This talk considers the potential impact that the nascent technology of quantum computing may have on society. It focuses on three areas: cryptography, optimization, and simulation of quantum systems. We will also discuss some ethical aspects of these developments, and ways to mitigate the risks.

Benchmarking Crimes in Systems Security 

– Erik van der Kouwe (Leiden University)

Properly benchmarking a system is a difficult and intricate task. Even a seemingly innocuous mistake can compromise the guarantees provided by a systems security defense and threaten reproducibility and comparability. Moreover, as many modern defenses trade security for performance, the damage caused by benchmarking mistakes is increasingly worrying. To analyze the magnitude of the phenomenon, we identify 22 benchmarking crimes that threaten the validity of systems security evaluations, and survey 50 defense papers published in top venues. We show that benchmarking crimes are widespread even in papers published at tier-1 venues; tier-1 papers contain an average of five benchmarking crimes and we find only a single paper in our sample without any benchmarking crimes. Moreover, the scale of the problem appears constant over time, suggesting that the community is not yet taking sufficient countermeasures. This threatens the scientific process, which relies on reproducibility and comparability to ensure that published research advances the state of the art. We hope to raise awareness and provide recommendations for improving benchmarking quality and safeguard the scientific process in our community.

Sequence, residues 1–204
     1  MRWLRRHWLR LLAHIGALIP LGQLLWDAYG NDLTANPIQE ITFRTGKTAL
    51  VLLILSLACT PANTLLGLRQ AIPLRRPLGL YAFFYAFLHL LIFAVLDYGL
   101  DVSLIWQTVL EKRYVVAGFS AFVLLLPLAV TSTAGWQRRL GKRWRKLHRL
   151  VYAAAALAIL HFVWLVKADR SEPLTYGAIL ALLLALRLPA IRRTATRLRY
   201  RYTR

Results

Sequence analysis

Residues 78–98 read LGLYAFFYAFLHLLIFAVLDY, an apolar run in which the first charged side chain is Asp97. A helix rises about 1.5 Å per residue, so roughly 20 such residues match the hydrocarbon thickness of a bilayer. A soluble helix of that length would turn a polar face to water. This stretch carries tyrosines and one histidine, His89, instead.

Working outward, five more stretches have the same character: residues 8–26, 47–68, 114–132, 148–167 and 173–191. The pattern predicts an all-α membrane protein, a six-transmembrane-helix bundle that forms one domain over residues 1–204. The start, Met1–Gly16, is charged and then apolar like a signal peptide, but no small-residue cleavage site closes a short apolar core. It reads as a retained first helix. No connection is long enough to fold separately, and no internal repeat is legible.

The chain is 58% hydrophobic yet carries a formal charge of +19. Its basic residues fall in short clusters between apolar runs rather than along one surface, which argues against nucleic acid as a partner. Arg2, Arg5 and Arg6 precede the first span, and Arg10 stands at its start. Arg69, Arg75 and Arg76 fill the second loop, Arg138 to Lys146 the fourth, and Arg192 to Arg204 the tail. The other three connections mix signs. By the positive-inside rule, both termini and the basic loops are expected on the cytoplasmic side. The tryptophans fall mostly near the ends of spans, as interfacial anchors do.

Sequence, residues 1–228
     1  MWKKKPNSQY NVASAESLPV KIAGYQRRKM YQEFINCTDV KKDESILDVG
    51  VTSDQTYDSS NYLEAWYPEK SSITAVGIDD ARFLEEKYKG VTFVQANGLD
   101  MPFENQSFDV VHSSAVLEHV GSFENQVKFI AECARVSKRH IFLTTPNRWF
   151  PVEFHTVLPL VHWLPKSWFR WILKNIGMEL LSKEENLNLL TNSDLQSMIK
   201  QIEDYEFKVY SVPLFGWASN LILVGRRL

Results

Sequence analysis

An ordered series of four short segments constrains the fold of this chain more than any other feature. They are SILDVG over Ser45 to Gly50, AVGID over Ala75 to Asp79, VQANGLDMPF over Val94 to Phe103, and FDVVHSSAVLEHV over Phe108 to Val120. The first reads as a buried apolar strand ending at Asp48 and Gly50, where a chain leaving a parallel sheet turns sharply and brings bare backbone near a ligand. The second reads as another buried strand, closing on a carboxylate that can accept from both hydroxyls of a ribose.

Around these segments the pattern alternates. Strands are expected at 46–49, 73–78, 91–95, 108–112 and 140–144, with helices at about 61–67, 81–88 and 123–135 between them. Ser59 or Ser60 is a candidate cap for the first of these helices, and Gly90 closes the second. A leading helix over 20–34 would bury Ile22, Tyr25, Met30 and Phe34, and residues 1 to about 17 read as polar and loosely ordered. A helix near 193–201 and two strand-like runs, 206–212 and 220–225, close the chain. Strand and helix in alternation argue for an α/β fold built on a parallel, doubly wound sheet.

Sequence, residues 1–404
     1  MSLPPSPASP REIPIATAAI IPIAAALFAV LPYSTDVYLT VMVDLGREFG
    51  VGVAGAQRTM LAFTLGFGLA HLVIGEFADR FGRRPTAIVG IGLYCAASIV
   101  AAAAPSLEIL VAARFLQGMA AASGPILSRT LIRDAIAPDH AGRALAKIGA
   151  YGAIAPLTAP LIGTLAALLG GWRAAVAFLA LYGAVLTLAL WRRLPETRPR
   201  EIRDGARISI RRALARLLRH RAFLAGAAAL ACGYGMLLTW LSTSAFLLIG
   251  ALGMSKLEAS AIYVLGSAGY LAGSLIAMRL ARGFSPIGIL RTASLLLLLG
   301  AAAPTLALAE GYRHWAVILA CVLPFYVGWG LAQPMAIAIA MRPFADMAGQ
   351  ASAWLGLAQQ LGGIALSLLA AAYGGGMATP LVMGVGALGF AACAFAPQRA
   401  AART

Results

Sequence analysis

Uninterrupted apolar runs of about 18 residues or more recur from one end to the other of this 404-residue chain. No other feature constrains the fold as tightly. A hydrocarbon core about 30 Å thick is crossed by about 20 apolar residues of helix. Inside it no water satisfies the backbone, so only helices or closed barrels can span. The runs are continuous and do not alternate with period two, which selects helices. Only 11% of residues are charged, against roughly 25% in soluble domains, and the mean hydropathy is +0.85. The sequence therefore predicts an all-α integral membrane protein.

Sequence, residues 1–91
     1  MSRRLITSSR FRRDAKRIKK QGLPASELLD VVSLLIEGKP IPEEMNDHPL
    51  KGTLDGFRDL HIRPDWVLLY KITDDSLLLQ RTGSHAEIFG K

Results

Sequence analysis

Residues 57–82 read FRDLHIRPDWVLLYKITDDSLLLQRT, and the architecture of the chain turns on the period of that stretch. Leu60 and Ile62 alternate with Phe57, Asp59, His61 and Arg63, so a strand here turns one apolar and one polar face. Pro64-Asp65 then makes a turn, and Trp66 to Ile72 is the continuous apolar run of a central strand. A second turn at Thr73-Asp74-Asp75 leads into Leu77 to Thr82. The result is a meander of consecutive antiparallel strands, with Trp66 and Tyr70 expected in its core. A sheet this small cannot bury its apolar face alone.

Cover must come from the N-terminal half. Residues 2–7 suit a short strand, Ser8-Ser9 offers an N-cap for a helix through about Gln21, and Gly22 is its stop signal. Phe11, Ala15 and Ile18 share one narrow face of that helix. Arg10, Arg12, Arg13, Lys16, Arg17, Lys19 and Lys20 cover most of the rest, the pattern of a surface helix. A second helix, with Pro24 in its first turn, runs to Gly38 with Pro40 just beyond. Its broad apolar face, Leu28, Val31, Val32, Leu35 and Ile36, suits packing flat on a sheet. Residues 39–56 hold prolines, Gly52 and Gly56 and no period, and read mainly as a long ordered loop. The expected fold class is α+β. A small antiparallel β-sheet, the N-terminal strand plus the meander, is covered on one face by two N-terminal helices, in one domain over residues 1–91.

Don’t shoot the messenger! A criminological and computer science perspective on coordinated vulnerability disclosure

– Marleen Weulen Kranenbarg (VU, NSCR)

In the computer science field coordinated vulnerability disclosure is a well-known practice for finding flaws in IT-systems and patching them. In this practice, a white-hat hacker who finds a vulnerability in an IT-system reports that vulnerability to the system’s owner. The owner will then resolve the problem, after which the vulnerability will be disclosed publicly. This practice generally does not focus on potential offenders or black-hat hackers who would likely exploit the vulnerability instead of reporting it. In this paper, we take an interdisciplinary approach and review the current coordinated vulnerability disclosure practice from both a computer science and criminological perspective. We discuss current issues in this practice that could influence the decision to use coordinated vulnerability disclosure versus exploiting a vulnerability. Based on different motives, a rational choice or cost–benefit analyses of the possible reactions after finding a vulnerability will be discussed. Subsequently, implications for practice and future research suggestions are included. 

Move fast, but break (only) your own things? 

– Joeri Toet (VU)

This talk will discuss the conditions under which the legal system would allow for an adequate level of security.